Three of the nine flashes in Fig. 15 are blue; that is, the spectral fluxes decrease almost monotonically with wavelength. This result contrasts with the 12 spectra observed on the 2018 Geminid lunar impact flashes (Paper I). None of them shows a clear blue spectrum. Temperatures derived from the multi-wavelength-band observations assuming blackbody spectra distribute over 1300–5800 K (Madiedo et al. 2019a; Avdellidou and Vaubaillon 2019; Liakos et al. 2020) and are not as high as those of the three flashes. The blue flashes may not be the lunar flashes, but the reflections of the sunlight by bluish satellites or space debris. However, there is the following possibility of blue impact flashes.

The lunar impact flashes would be supposed to be red due to the following reasons. First, the thermal radiation from high-temperature liquid and solid ejecta generated at meteoroid’s impact could dominantly contribute to the flashes. The evaporation temperatures of silicates are less than about 4000 K (Table II in Ahrens and O’Keefe (1972)). Therefore, the ejecta radiates at this or lower temperature. According to Wien’s displacement law, the maximum in the blackbody spectrum of 4000 K occurs at a red wavelength of about 700 nm.

Second, the ejecta’s red and infrared radiation was observed in laboratory impact experiments with particulate targets that simulate lunar regolith (Ernst and Schultz 2004, 2005). They shot Pyrex spheres of about 4 mm in diameter against pumice dust targets at about 5 km s−1 and measured the light intensity of impact flashes at six wavelengths. They assumed blackbody radiation and derived the temperature. The temperature was about 3000–4000 K.

Third, a numerical simulation by Nemtchinov et al. (1998a, b) shows that the temperature of vapor cloud generated by the impact of a cm-size solid meteoroid on the solid lunar surface at 20 km s−1 is less than 3000 K except at the beginning of the impact phenomena. In the beginning, the cloud is hotter. However, the radiation would occur underground due to the penetration of the meteoroid into the lunar regolith, and the radiation does not reach the lunar surface. Even after the cloud expands over the surface, the cool vapor envelope of lunar material may shroud the cloud (Artemieva et al. 2000). When the cloud disrupts the shroud and becomes observable, the expansion of the cloud reduces its temperature.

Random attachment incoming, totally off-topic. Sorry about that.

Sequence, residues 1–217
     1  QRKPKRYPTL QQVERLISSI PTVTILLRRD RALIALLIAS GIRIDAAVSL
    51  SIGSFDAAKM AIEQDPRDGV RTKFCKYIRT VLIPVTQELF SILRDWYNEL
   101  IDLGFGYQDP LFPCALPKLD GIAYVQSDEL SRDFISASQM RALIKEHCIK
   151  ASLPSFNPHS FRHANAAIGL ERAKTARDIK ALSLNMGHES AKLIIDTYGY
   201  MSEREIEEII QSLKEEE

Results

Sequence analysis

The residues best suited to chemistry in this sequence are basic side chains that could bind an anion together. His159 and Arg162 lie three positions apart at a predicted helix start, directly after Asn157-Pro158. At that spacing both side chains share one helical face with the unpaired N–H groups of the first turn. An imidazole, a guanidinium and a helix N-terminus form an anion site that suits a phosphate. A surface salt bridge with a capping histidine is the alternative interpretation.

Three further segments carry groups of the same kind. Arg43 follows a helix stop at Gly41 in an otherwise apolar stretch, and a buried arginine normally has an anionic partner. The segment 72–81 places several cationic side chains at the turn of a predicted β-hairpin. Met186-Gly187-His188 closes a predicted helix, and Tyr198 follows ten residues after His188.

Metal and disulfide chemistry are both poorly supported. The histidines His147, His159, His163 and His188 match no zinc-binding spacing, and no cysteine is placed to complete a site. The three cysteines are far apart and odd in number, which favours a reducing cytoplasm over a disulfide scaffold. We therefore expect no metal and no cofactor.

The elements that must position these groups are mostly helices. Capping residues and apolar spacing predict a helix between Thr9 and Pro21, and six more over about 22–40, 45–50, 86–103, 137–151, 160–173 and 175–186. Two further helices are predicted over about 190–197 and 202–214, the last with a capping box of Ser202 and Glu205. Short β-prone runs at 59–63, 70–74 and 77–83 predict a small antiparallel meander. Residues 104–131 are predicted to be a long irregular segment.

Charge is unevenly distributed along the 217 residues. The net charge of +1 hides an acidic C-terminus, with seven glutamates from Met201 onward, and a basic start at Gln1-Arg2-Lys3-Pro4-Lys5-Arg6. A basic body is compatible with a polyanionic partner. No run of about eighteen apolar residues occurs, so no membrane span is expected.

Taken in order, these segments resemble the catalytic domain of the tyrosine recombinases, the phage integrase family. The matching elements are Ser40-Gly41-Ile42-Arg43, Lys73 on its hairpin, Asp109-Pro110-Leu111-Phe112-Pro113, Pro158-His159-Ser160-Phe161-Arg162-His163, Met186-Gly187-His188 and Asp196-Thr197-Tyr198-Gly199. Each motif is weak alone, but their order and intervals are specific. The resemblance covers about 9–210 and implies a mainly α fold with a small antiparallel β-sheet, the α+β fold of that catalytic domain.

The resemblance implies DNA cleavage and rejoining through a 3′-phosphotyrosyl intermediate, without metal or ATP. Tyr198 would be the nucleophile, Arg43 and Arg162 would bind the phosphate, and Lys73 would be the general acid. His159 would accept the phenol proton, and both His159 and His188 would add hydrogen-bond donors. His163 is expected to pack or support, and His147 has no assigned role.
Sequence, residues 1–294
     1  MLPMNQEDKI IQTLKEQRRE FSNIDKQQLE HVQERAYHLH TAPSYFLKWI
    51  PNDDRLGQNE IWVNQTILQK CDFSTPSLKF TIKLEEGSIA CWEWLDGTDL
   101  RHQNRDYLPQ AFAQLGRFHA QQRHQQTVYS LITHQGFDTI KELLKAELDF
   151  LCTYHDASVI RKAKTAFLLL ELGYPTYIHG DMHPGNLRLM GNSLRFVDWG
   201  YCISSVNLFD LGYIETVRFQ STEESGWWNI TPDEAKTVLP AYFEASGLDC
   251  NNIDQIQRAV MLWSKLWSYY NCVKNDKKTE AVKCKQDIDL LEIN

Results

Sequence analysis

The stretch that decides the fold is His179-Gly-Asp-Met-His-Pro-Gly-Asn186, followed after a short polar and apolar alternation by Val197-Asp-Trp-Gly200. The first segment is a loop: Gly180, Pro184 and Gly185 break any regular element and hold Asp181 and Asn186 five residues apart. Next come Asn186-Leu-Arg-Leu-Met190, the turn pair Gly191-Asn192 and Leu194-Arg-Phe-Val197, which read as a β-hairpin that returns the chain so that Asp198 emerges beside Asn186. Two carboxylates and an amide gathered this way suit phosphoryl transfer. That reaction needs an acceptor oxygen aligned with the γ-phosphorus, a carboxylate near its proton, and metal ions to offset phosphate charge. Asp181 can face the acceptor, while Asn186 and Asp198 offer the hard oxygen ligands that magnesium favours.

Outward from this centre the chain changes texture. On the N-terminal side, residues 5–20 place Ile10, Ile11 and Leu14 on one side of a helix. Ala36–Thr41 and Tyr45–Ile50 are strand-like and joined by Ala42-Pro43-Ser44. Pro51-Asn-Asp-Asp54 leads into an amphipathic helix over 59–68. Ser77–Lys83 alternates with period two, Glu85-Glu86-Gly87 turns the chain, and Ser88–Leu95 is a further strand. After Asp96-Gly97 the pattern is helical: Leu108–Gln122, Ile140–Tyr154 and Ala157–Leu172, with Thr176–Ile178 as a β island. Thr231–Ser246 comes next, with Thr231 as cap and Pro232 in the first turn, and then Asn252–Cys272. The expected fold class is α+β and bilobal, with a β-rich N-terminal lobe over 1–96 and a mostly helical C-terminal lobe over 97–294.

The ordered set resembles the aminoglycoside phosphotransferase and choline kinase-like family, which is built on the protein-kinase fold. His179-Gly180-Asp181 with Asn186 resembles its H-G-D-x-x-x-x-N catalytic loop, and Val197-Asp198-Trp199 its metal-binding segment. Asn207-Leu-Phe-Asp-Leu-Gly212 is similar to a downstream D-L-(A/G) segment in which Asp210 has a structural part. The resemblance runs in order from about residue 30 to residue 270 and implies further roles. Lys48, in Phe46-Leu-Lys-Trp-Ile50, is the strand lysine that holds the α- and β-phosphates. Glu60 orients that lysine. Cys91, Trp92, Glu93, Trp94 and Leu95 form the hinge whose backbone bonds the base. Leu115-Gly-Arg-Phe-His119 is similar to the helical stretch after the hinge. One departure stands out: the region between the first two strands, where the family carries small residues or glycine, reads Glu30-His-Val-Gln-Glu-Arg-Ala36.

Fourth, the cloud may radiate at temperatures, e.g., more than 7000 K, for a short time. However, the duration is much shorter than the other processes that radiate, and the temporally integrated flux of this blue radiation would be negligible.

On the other hand, if a porous meteoroid hits a sizeable solid rock on the lunar surface, it does not penetrate deep. The amount of ejecta is smaller than the impacts of solid meteoroids against the regolith. Then, the contribution of the red radiation from the ejecta must be smaller. Hot dense cloud before the expansion radiates over the lunar surface. Therefore, we could observe it from the ground.

Artemieva et al. (2000) made a numerical simulation for a porous meteoroid of 0.1 g cm−3 in density in the case of Leonid’s lunar impact. Their simulation models the lunar surface with solid granite. A vertical impact of a 1–10 cm size impactor at 72 km s−1 generates a hot vapor cloud expanding hemispherically over the lunar surface. The cool vapor envelope that shrouds the cloud does not appear. Thus, the hot cloud is observable.

Their simulation shows a short flash duration of about 0.1 ms (Artemieva et al. 2000), which is much shorter than the exposure time of our camera. At the same time, the blue flashes we observed appeared only in a frame (Table 2), indicating short durations. The absence of long-lasting blue flashes is concordant with the radiation from the hot gas cloud.

The density of the Geminid meteoroids is estimated to be highest in all meteoroid streams (Babadzhanov 2002). They would therefore penetrate deep into the regolith. The hot vapor cloud radiates underground and would not be observed. The low-temperature vapor of lunar material could shroud the cloud even after the cloud expands over the surface. Further, the amount of ejecta that radiates in red must be more significant than the case of low-density meteoroids. Thus, the high density of Geminids explains the absence of blue flashes in the period of Geminid activity.

On the other hand, the impacts of very porous meteoroids at velocities higher than, e.g., 50 km s−1, against sizable lunar rocks may have caused the three blue flashes. The diameters of spherical meteoroids calculated from the masses in Table 4 and an assumed density of 2.2 × 103 kg m−3 are 5–10 cm. There would be many lunar rocks of these sizes or larger over the lunar regolith surface. Therefore, the chance of the small meteoroids hitting solid rocks may not be slight. However, the existence of blue flashes must be confirmed in the future by more than two observatories.

Future observations